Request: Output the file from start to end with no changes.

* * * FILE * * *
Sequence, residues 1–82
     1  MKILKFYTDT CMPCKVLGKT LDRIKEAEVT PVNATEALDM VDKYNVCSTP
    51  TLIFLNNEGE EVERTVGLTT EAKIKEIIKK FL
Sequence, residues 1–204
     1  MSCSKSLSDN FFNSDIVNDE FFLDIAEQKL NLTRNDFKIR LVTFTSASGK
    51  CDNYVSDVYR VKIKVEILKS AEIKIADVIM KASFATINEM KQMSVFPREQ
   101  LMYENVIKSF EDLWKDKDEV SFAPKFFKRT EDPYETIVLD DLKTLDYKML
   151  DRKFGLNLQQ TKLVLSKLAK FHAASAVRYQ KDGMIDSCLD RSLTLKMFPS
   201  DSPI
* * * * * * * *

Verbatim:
Sequence, residues 1–82
     1  MKILKFYTDT CMPCKVLGKT LDRIKEAEVT PVNATEALDM VDKYNVCSTP
    51  TLIFLNNEGE EVERTVGLTT EAKIKEIIKK FL
Sequence, residues 1–204
     1  MSCSKSLSDN FFNSDIVNDE FFLDIAEQKL NLTRNDFKIR LVTFTSASGK
    51  CDNYVSDVYR VKIKVEILKS AEIKIADVIM KASFATINEM KQMSVFPREQ
   101  LMYENVIKSF EDLWKDKDEV SFAPKFFKRT EDPYETIVLD DLKTLDYKML
   151  DRKFGLNLQQ TKLVLSKLAK FHAASAVRYQ KDGMIDSCLD RSLTLKMFPS
   201  DSPI